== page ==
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Persian Shield (Strobilanthes dyerianus) - Iridescent, Colorful Foliage

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Persian Shield - Strobilanthes dyerianus

Persian Shield (Strobilanthes dyerianus) is grown for its purple and silver variegated leave.

Photo: © Marie Iannotti

Overview of Persian Shield:

It is easy to see how Strobilanthes (pronounced (stroh-bih-LAN-theez) got its common name of Persian Shield. Its most striking feature is its colorful leaves, which have an iridescence that gives them an almost metallic look. Persian Shield is a native of Myanmar, formerly called Burma, not Persia. Strobilanthes is a sub-shrub that is evergreen in hot climates. It is also a very popular houseplant because it tends to bloom during winter.

Description:

Strobilanthes is a non-woody sub-shrub with long pointed, variegated leaves.

Leaves: The leaves are elliptical and grow to about 6 inches long. They are puckered and the tops are washed in purple-pink and silver. The undersides are all purple. Stems are square.

Flowers: Pale blue tubular flowers are born on short spikes

Latin Name:

Strobilanthes dyerianus

Common Name:

Persian Shield

Hardiness Zones:

USDA Hardiness Zones 9–11 and up. In Zone 9 and sometimes 7 and 8, Persian Shield may die back to the ground after frost, but remain alive and regrow the following season. In Zones 10 and 11, it should remain evergreen (or purple).

Persian Shield is often grown as both an outdoor annual and an indoor houseplant.

Mature Plant Size:

24--36 in. (h) x 12--15" (w)

Bloom Period:

Usually fall / winter. Strobilanthes does not always bloom, when grown as an annual, but you won't miss it with all that colorful foliage.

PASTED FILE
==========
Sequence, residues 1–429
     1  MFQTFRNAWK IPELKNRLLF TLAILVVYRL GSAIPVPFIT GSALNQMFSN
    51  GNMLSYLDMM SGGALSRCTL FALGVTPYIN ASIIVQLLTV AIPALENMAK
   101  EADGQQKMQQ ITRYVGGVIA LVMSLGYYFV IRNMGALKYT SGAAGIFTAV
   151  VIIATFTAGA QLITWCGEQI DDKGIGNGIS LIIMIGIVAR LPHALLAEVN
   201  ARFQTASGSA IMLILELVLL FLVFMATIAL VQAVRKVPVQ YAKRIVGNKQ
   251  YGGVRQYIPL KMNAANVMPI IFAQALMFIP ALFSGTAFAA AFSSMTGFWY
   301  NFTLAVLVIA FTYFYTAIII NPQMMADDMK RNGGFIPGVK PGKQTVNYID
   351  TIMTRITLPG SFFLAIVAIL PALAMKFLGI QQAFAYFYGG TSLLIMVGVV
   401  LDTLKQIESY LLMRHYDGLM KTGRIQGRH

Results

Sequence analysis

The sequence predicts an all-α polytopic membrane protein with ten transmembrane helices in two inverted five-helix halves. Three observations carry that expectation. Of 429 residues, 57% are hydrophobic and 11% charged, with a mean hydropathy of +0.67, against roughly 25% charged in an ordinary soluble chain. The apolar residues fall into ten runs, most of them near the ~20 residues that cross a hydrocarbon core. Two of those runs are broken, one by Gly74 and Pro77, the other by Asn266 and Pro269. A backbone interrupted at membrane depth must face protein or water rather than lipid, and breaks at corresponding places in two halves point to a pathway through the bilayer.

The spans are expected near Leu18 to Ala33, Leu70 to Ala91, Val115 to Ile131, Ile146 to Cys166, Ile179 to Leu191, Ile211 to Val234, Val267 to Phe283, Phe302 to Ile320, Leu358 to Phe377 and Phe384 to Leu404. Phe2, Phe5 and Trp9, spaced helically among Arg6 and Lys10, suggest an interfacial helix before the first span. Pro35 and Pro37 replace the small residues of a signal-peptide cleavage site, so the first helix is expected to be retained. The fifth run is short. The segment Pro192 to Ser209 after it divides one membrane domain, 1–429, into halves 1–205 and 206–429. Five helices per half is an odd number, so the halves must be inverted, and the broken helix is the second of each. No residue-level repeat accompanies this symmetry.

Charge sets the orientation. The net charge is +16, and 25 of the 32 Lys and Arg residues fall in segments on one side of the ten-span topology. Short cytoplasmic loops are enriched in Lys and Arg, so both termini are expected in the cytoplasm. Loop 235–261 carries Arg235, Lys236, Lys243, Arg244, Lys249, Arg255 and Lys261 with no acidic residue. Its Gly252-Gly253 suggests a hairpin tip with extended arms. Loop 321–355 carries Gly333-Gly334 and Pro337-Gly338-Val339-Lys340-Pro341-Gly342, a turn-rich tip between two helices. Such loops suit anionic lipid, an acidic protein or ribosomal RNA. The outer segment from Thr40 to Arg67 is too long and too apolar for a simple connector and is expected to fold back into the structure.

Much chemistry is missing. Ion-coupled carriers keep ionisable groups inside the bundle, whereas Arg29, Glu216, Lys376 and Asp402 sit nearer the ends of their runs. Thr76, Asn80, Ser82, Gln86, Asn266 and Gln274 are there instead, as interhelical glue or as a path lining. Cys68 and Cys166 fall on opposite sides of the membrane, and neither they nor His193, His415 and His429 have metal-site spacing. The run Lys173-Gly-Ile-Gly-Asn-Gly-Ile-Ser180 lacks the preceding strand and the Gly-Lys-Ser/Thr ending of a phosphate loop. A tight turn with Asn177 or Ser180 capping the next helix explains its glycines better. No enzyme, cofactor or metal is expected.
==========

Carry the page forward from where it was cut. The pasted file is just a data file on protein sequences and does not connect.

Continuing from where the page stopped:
Suggested Varieties:

I have never seen any named varieties or cultivars of Strobilanthes dyerianus. If you know of any, I would love to hear from you.

Design Tips:

Persian Shield planted in partial shade will pick up the light and reflect it back off its leaves. It makes a striking border plant, particularly when paired with soft gray greens or chartreuse.

In USDA Zone 10 and higher, Persian Shield can get quite bushy and makes a wonderful focal point. It may even over-winter some years in cooler climates.

Even when grown as an annual, Strobilanthes make an eye-catching addition to borders and containers. Bring a plant or two indoors, and grow as houseplants through the winter.

Growing Tips for Persian Shield:

Soil: Strobilanthes grows well in the neutral range of soil pH and can handle anything from about 5.5 through to 7.5.

Planting:You can start Persian Shield from seed or cuttings. Seeds require somewhat warm conditions ( 55–64 degrees F. (13–18 C.) to germinate.

Plants can easily be started by softwood cuttings, but some bottom heat will keep them from rotting before they establish roots. Spring and early summer are the best times to take cuttings.

Maintenance:

Persian Shield prefers moist soil and some shade during the hottest parts of the summer. The less water it gets, the more shade it will need. Cold water may spot the leaves.

Since Persian Shield is grown for its foliage and the flowers are not particularly showy, many gardeners like to pinch back the leaves, to create a fuller plant. If left to grow on its own, it can get tall, leggy and floppy.

The exception would be immediately after flowering. The leaves may look sad at this point, but that is because the plant has gone dormant for the remainder of the winter. Resist the temptation to pinch at this point, to avoid disturbing dormancy. Resume pinching when the plant starts growin in earnest, in the spring.

If grown in rich soil with plenty of moisture, Persian Shield should only need light feeding at the start of the season and again about mid-way through the summer.

Growing Stobilanthes as a House Plant:

  • Indoors, Persian Shield needs bright light, to keep its color, and temperatures above 60º F (15.6ºC).

  • Make sure it has humid conditions. Dry air will cause the leaves to dry and drop. Misting daily is recommended, but be sure to use soft water. Chlorine will damage the leaves.

Pests & Problems:

Aphids and Whiteflies can become pests, especially when the plants are drought stressed.

Strobilanthes is not usually susceptible to fungus disease or other problems with the foliage, except water stress.

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